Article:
Spirituality and Religion in Social Work: Respondent Definitions
Date of Paper/Work
Master of Social Work (M.S.W.)
Type of Paper/Work
Clinical research paper
The following study seeks to discover how potential clients define and view the concepts of religion and spirituality. Research questions include: How do respondents define the concepts of religion and spirituality? What interventions do respondents consider religious and/or spiritual? Finally, what interventions would respondents want incorporated into their mental and physical health care? The study is comprised of forty-five respondents who participated in a Survey Monkey survey. Results indicated that while respondent definitions of religion and spirituality differ, themes emerged. Themes that emerged when describing religion included: an organized set of rules, worshiping a God/Higher Power, and a community of followers. Themes that emerged when describing spirituality included: belief in God/Higher Power, an individual, personal experience, and rules/morals dictating how one should live life. Most respondents reported that meditation, yoga, guided imagery, and spending time in nature are spiritual activities. Prayer and music were found to be both religious and spiritual. Majority of respondents indicated they would want mediation, yoga, guided imagery, music, and spending time in nature incorporated into their mental and physical health care. Prayer was the only intervention the majority of respondents reported they did not want incorporated into their care.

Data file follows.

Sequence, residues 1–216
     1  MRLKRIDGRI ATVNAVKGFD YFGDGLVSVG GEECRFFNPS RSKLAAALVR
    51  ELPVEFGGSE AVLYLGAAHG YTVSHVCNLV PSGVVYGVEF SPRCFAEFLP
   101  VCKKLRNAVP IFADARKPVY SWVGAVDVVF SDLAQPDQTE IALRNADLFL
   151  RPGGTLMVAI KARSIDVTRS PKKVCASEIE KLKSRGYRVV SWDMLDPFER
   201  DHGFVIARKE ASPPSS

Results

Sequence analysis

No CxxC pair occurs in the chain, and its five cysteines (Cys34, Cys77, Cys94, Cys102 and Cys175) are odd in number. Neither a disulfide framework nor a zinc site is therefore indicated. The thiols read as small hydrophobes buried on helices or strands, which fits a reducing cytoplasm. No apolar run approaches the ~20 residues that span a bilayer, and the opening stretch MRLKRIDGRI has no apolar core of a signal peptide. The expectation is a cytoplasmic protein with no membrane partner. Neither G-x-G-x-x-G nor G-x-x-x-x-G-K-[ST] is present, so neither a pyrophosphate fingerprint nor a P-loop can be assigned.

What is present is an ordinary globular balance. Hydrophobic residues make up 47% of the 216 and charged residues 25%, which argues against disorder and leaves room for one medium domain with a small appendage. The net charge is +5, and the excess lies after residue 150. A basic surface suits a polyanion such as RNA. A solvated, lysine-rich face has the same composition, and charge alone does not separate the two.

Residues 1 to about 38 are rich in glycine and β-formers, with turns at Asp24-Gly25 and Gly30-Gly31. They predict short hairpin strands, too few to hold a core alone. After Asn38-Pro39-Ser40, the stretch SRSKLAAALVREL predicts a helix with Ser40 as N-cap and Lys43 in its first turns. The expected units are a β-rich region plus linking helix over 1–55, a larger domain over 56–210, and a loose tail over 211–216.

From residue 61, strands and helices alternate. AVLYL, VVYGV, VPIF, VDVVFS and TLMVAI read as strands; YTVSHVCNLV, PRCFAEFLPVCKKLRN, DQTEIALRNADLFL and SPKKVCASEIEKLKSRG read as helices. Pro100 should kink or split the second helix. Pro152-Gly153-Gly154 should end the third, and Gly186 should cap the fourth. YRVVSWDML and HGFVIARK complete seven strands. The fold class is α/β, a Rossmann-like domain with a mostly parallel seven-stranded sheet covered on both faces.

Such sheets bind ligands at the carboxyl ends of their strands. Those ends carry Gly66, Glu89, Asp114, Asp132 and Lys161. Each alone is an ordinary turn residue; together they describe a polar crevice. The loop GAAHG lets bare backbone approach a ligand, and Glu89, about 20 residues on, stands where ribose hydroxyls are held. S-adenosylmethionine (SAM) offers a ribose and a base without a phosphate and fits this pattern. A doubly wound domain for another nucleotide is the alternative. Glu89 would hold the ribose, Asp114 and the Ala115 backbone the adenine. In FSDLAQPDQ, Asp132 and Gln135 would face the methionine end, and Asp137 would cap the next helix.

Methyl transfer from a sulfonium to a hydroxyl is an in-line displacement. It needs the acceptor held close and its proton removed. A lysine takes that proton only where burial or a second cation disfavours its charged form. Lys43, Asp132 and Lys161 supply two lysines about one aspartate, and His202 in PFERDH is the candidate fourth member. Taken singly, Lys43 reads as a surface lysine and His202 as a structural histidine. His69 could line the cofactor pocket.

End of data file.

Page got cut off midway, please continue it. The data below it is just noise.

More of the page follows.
religion, spirituality, social work
Creative Commons License
This work is licensed under a Creative Commons Attribution 3.0 License.
Wilkinson, Courtney, "Spirituality and Religion in Social Work: Respondent Definitions" (2012). Social Work Master’s Clinical Research Papers. 127.